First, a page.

7 Hot Buttons Your Ideal Financial-Planning-Prospect Desperately Wants You to Push (Ronald Sier, See Beyond Numbers) - Ultimately, when we buy a product or service, we're not really buying the 'thing' itself, but the feelings it creates; for instance, Kodak founder George Eastman famously noted that they were not in the business of selling cameras, but in creating recorded memories. Of course, while that conclusion sounds simple enough, recognizing it as a camera company was a significant challenge, and similarly Sier notes that many financial planners also get stuck in trying to figure out what's really valuable to clients and what they really want - which is important, because in the end, most buying decisions are driven emotionally, and not logically (even when we think we're making a logical decision). So how can you figure out what to focus on and deliver? Sier recommends the book "Hot Button Marketing", which makes the point that by identifying a prospective client/customer's "hot button" issues, you can create a solution that fits it directly (and will essentially 'sell itself'). For instance, for many people their hot button is that they want to feel in control, so you can focus the messaging of your planning solutions around helping your clients feel in control; alternatively, we all like to feel special, so you might brand your business around its exclusivity and the uniqueness of its clients. Other hot buttons include helping people feel respected, feel smarter, feel like self-achievers, or feel nurtured. The ultimate point - by crafting not just your services, but the language you use in and around your business to appeal to these hot button issues, you can better connect with prospective clients on an emotional level and draw them in to doing business with you.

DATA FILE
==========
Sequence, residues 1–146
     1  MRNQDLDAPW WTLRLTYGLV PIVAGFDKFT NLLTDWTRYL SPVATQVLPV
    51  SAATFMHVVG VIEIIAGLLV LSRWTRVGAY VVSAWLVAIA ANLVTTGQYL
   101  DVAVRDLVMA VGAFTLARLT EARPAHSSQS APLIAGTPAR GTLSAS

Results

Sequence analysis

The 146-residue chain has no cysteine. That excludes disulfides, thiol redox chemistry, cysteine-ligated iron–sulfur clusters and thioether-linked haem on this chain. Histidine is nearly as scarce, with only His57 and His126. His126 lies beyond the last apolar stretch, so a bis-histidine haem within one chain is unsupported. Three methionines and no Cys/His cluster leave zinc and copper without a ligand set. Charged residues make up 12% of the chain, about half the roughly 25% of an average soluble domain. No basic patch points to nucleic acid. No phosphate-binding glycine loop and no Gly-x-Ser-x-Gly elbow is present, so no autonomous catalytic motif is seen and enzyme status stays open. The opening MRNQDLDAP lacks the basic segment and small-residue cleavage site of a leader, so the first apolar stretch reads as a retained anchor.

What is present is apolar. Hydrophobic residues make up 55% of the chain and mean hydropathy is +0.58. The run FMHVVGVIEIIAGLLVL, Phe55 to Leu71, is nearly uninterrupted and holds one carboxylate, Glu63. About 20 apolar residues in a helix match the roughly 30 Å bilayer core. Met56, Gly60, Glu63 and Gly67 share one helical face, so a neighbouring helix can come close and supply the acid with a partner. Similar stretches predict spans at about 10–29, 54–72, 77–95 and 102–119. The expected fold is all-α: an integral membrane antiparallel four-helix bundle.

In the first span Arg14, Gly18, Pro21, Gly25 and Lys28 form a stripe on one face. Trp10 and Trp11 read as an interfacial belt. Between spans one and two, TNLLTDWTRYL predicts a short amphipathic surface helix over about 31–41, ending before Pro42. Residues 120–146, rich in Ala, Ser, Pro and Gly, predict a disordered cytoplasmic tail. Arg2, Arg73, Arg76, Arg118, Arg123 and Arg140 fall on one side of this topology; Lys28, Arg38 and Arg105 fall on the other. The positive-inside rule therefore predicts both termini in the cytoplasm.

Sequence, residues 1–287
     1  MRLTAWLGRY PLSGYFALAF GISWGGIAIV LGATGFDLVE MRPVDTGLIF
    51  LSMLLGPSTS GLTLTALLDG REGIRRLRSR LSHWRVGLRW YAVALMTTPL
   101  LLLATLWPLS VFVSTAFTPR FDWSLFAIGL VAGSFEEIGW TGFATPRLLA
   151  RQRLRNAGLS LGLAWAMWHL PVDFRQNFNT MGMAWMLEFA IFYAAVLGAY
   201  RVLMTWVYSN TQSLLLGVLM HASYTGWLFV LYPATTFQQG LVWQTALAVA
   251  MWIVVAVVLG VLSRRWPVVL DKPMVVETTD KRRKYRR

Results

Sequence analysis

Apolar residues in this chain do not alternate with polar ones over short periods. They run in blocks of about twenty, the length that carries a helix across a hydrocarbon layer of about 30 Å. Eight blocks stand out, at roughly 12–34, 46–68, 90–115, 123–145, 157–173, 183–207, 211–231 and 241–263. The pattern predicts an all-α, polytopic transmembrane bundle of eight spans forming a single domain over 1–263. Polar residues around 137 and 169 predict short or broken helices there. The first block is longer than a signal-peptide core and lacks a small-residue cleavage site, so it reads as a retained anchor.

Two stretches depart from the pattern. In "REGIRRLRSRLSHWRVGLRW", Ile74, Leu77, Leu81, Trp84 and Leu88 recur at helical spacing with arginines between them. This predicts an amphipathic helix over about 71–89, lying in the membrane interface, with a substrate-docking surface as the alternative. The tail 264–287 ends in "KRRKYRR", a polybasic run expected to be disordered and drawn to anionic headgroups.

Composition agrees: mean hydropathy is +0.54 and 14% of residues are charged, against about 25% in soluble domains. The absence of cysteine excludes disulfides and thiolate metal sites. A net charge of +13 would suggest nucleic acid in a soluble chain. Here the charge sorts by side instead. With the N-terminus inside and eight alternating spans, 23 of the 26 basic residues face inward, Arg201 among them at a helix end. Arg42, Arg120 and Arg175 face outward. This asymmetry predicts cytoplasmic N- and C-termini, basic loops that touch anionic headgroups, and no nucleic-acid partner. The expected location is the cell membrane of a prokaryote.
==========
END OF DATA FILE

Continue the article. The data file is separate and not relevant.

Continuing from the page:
The Changing Face Of Wealth Management (Jamie Green, Investment Advisor) - Industry trend research suggests that independent advisors have been gaining market share of wealthy clients and offering "wealth management" services, compared to wirehouses, although the latter still provide the bulk of wealth management as measured by assets. Yet underlying these trends is that the definition of what is "wealth management" has been in flux as well, from shifting definitions of what "wealthy" means, to a wider range of services and solutions called "wealth management" (from the traditional mahogany-paneled advisor office, to working with clients virtually or offering partially-self-directed technology solutions). According to the data, there are now 200,000 "ultra-high-net-worth" households (more than $30M of assets), with about 1/3rd of those living in the U.S. Amongst those with $5M or more of net worth, almost 1/3rd consider themselves self-directed investors. Given these constraints, many wealth management firms have actually been lowering minimums and going "down market" looking for opportunities to expand the firm and capture the future wealthy, since there are only so many available today - a challenge, since the emerging affluent seem to be particularly inclined towards using technology to be self-directed. As a result, the pressure is on for wealth management firms to truly justify their value proposition over technology solutions, which is driving growth in programs like IMCA's Certified Private Wealth Advisor (CPWA) program; notably, though, market studies suggest the emerging affluent do still want contact with a human, and that robo-advisors alone will not be their holistic solution.